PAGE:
Your income and your credit score are two of the key ingredients used by lenders to determine whether to give you a loan, and at what rate. Despite their shared use in loan decisions, income has no direct impact on your credit score. Your rating is based on a number of factors related to your use of credit. Income does play a role in your ability to build and maintain a good score, though.
Credit Score Basics
Credit scores are ratings issued by three major credit reporting bureaus in the United States: Trans Union, Equifax and Experian. While each score varies a bit, all are generally connected to a proprietary scoring model, commonly known as a FICO score, that was developed by the corporation named FICO, formerly the Fair Isaac Corporation. Criteria used to rate your credit include your payment history, which has a 35-percent impact; debt utilization, which has a 30-percent effect; your length of credit history, with a 15-percent impact; and types of credit and new accounts, each of which has a 10-percent impact on your score.
Income and Payment History
The real concern when it comes to income and credit is how to best use your income to improve your credit score. Given the importance of your payment history, making on-time payments is one way. Each month, many Americans get home and car loan bills. Personal loans and credit card statements may also arrive in your mail. Balancing your budget to easily allow you to make at least the minimum payments by their due dates is one of the best ways to help your score.
Paying Down Debt
To help your score even more, add a little extra to your payments each month. Eat out less often, and cut back on the lattes to see if you can add $50 to $100 onto your payments for your credit cards with the highest interest rates. The 30-percent debt utilization category is based on the amount of your available credit currently in use. For example, having a $2,000 balance on a card with a $5,000 limit is a 40-percent usage ratio. This is reasonable, but not ideal. Excellent credit scores usually come with ratios below 10 percent, according to announcements from FICO in early 2011. Each time you add extra to your card payments, you lower your ratio on that card and on your total account balances.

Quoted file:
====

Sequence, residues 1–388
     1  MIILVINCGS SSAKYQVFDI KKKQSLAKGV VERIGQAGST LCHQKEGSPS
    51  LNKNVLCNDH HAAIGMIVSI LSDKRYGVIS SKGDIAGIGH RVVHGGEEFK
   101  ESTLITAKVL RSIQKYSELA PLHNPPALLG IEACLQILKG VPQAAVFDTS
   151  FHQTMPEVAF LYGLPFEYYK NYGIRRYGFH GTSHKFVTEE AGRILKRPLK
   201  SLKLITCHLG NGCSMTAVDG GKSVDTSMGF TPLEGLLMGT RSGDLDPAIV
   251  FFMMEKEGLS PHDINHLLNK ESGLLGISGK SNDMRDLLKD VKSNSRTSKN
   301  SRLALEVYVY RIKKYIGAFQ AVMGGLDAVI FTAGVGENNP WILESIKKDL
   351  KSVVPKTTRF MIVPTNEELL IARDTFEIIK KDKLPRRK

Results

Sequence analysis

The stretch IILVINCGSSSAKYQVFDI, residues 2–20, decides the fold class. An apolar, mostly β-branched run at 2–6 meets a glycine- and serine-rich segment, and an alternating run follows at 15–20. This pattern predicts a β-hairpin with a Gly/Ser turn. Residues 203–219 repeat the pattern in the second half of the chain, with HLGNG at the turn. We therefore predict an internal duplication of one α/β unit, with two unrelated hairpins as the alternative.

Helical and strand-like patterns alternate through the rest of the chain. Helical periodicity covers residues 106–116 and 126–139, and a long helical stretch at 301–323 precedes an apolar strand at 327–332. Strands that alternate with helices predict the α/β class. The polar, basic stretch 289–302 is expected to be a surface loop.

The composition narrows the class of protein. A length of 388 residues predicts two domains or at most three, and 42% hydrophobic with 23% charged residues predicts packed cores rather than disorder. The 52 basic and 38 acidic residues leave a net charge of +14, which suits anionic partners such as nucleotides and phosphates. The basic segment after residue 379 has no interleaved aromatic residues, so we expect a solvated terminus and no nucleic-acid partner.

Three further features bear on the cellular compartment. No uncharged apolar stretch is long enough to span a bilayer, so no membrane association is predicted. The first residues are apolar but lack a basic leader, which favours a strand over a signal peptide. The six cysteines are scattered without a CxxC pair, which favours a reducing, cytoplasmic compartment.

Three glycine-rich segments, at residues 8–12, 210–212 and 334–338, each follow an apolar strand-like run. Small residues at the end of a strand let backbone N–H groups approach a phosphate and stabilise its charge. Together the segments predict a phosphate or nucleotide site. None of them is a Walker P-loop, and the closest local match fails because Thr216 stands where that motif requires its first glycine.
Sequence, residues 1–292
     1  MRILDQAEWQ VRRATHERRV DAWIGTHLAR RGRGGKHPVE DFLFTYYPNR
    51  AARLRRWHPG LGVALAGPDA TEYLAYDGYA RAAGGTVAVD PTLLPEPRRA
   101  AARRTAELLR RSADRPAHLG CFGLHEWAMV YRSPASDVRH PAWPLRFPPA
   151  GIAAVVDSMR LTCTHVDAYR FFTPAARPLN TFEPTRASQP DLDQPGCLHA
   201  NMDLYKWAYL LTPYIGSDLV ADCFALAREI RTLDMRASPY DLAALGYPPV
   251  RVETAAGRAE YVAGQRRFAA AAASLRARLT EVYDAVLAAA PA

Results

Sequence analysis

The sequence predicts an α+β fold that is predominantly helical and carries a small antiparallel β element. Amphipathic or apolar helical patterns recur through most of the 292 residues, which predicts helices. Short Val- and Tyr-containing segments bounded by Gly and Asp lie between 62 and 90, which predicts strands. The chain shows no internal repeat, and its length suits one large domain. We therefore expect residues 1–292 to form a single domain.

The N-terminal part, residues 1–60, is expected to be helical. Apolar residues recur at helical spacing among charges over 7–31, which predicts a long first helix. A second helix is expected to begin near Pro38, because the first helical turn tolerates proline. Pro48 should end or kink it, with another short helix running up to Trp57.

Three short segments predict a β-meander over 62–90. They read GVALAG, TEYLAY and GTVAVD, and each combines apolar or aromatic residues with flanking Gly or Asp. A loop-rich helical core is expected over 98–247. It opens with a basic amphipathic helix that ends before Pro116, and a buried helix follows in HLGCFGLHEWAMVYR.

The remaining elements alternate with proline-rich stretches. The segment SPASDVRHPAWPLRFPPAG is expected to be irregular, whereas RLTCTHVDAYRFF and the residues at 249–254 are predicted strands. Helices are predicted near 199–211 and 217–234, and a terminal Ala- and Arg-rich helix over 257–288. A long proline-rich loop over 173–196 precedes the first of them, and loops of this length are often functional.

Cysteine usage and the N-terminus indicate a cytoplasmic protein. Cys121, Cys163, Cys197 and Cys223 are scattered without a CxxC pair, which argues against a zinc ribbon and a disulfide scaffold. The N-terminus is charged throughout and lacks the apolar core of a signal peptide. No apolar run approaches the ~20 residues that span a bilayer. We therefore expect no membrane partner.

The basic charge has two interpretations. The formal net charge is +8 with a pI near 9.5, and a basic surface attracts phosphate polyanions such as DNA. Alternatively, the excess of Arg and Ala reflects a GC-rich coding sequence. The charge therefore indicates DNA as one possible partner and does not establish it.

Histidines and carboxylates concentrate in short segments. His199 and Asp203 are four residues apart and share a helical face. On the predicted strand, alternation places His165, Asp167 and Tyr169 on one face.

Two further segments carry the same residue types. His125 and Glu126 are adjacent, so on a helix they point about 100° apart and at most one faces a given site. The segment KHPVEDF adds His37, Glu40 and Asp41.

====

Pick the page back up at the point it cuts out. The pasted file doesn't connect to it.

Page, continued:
Rely on Your Income
One of the best preventative methods and cures for credit woes is relying on your income for purchases. Making a habit out of turning to credit cards when you don't have cash to pay for new boots, concert tickets, or a night out on the town eventually leads to higher debt and more risk to your credit score. Compare your income to your expenses, including home and auto loans, leave a little room for fun and savings, and make immediate payments on any credit card purchases to optimize your credit score.
Neil Kokemuller has been an active business, finance and education writer and content media website developer since 2007. He has been a college marketing professor since 2004. Kokemuller has additional professional experience in marketing, retail and small business. He holds a Master of Business Administration from Iowa State University.